La traduction anglaise du bloc-notes de Bernard-Henri Lévy sur la fin de Kadhafi (Freedom Wins in Libya, The Daily Beast, 22 août 2011)

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They were getting bogged down in this war.

The insurgents were disorganized, undisciplined, lightweights.

The National Transitional Council was divided, torn by factional rivalry, tribalized.

And in fact, when the moment came, the tribes loyal to Muammar Gaddafi would put up a fierce resistance from their Tripolitan bastions, one that would go on for a long time.

And as for Nicolas Sarkozy, he had embarked upon a dicey, ill-thought-out adventure, one from which his own political allies should try to extricate him.

In truth, the conflict, once more, opposed these two vast parties that are as old as politics itself. On the one side, the eternal family, not so much of enemies of the people or friends of the despots but of those paralyzed by Power, bewitched by Tyranny. This is the eternal family, yes, of those incapable of imagining, and I do mean imagining, that the order of dictatorships is transitory, ephemeral, as are all human orders, perhaps even more. And on the other side, the great party of those whose judgment has not been clouded by this strange passion, this paralysis of the soul inflicted by the Gorgon or by the cold monster, those still capable of conceiving, just conceiving, that dictatorships endure only due to the credit granted them, that is to say the fear they incite in their subjects and the reverence they inspire in the rest of the world. And when this credibility is gone, when it goes flat, like a bad charm or a mirage, dictatorships crumble like castles in the sand or become paper tigers.

When the time comes, I will go into, at length, all I have witnessed, in Libya and outside Libya, during these past six months that have perhaps changed the face of this beginning of the century.

But for the time being, I wish to pay homage to all those, both here and there, who refused to despair in this gamble on the simple freedom of men, one so natural but which seemed mad to many.

I wish to do justice to the Libyan fighters some dared to describe as bolting like rabbits when confronted with the legions of a devil of histrionics, men I had the privilege of being next to on the fronts of Brega, Ajdabiya, Gualich, and Misrata, and who, once more, demonstrated this invincible force I have found, throughout my life, among those who make war without enjoying it.

I want to tell of the probity of this Transitional National Council that I saw spring up and then gain maturity, and which, with its men and women of diverse origins, lifelong democrats or converts from Gaddafism, those returned from years of exile or those who worked to oppose the regime from within, had scarcely any experience at democracy either, no more than its members were familiar with things military, but knew enough, despite all this, to add a magnificent page to the world history of resistance.

I wish to salute the American and European airmen, in particular the French, who joined a war that was not exactly theirs but whose mission was to take the time required to accomplish the task mandated them by the United Nations, to bring assistance to the civilian population; to incur, if they had to, the rumble of impatience from those who didn’t find that things dragged on during 42 years of dictatorship but who, once past the first 100 days, when it was a question of saving innocent lives, found them interminable; and, sometimes, to place their own lives in peril rather than taking the risk of hitting a civilian target.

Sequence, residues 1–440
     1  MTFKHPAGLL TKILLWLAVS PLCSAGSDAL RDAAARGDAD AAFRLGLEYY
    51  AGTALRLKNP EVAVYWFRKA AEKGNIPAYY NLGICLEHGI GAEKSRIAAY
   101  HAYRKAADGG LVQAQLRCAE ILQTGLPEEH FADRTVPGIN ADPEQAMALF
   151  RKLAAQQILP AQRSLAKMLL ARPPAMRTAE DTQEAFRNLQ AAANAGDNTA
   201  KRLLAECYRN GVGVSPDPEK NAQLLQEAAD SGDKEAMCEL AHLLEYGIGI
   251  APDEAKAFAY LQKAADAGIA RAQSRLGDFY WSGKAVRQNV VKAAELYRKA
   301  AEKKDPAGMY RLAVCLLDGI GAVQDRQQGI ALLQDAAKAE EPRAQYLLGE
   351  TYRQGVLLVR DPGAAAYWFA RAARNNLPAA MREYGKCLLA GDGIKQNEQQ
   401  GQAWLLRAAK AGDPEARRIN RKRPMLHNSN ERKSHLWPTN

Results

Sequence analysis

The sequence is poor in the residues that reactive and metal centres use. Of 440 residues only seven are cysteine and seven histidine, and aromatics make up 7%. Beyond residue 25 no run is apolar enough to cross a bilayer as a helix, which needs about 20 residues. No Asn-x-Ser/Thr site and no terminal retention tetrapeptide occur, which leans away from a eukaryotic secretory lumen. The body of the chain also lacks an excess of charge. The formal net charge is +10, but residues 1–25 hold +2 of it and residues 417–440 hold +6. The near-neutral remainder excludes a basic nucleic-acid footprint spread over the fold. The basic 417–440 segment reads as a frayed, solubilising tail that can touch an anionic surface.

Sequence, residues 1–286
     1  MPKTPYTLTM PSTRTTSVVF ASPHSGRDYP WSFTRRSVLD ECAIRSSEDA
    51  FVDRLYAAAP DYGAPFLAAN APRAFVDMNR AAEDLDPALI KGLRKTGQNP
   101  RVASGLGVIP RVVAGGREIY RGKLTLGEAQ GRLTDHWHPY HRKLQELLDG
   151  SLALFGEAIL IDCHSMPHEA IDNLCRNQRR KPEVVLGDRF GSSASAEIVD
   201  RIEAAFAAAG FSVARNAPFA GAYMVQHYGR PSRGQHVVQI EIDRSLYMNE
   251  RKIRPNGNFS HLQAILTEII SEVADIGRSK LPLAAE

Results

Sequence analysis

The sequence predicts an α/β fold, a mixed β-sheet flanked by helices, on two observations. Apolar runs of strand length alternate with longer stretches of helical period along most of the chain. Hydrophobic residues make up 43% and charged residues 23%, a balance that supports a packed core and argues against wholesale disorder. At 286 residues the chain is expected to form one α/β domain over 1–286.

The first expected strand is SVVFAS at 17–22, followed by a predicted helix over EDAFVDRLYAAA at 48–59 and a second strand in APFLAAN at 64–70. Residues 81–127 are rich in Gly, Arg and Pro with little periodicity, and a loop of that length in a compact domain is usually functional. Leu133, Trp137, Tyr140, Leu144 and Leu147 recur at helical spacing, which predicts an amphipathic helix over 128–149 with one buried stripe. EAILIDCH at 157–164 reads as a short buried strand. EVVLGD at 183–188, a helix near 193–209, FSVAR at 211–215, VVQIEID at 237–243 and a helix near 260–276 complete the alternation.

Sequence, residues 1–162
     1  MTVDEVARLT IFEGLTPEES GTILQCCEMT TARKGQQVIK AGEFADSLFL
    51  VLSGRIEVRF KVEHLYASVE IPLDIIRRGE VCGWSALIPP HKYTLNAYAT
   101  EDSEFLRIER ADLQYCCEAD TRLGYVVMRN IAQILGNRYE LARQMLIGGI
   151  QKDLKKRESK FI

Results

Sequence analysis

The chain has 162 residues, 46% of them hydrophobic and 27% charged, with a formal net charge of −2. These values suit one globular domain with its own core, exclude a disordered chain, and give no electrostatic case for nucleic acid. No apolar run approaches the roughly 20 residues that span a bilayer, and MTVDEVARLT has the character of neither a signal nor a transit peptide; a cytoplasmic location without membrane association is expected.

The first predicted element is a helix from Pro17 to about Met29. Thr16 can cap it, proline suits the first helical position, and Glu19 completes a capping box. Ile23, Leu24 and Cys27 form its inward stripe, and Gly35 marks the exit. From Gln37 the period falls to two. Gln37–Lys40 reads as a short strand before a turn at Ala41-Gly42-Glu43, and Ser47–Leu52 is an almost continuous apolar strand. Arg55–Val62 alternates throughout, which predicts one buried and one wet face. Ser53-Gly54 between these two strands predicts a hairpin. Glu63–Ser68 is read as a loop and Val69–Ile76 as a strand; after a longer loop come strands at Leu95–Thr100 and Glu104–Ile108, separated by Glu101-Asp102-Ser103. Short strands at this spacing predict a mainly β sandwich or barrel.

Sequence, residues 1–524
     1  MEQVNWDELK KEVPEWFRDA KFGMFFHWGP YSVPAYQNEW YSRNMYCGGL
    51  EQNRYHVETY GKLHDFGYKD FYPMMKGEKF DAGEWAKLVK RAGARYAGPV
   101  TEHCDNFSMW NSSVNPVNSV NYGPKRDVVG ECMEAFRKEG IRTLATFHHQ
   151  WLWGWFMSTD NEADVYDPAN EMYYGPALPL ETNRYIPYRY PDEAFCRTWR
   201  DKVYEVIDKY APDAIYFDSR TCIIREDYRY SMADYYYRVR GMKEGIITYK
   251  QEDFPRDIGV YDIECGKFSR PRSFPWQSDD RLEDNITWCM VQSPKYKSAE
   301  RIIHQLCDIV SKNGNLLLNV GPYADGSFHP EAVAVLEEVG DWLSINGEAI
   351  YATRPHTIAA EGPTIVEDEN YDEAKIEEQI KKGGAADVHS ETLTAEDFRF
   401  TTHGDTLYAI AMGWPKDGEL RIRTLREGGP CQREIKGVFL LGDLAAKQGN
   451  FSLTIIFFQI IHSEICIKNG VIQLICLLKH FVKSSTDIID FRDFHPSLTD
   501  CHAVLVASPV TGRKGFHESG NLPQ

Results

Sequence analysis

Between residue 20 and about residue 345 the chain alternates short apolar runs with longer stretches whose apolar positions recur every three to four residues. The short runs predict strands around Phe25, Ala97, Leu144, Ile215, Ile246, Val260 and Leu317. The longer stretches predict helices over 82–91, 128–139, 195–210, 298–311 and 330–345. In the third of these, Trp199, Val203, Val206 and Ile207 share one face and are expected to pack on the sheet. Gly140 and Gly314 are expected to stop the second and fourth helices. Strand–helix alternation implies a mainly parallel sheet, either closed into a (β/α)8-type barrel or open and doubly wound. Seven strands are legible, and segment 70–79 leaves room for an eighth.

And as for Sarkozy, one can be on the other side, one can be opposed to the rest of his politics, as I am, but how can one fail to recognize that it is France, under his presidency, that took the initiative to support the birth of a free Libya? How can one not pay tribute to the unheard-of tenacity he demonstrated during every stage of this war? And how can one fail to remark that he will have done for Libya what a François Mitterrand had refused, to the very end, to do for dismembered Bosnia?

Supported by France and by their other allies, the rebels have written a new page in the history of their country.

Beyond their country, they have inaugurated an era, and it is difficult to believe it will have no effect upon the region in general and, in particular, upon Syria.

And this anti–Iraq War, this military intervention that came, not to parachute democracy down on the heads of a silent people, but to support an insurrection that had already demanded it and, in preparation, had provided itself with transitory but legitimate representation will remain, as well, one for the history books.

What is dying: an ancient concept of sovereignty in which all crimes are permitted as long as they go on within the frontiers of the state.

What has been born: the idea of the universality of rights that is no longer a pious hope but a passionate obligation for all who truly believe in the unity of mankind and in the virtue of the right to intervene, which is its corollary.

The time will come, of course, when questions will be asked, doubts expressed, perhaps mistakes made or the first setbacks encountered. But, in this moment, only the mediocre in spirit could refuse to share the pure joy inspired by this in every way compelling event.

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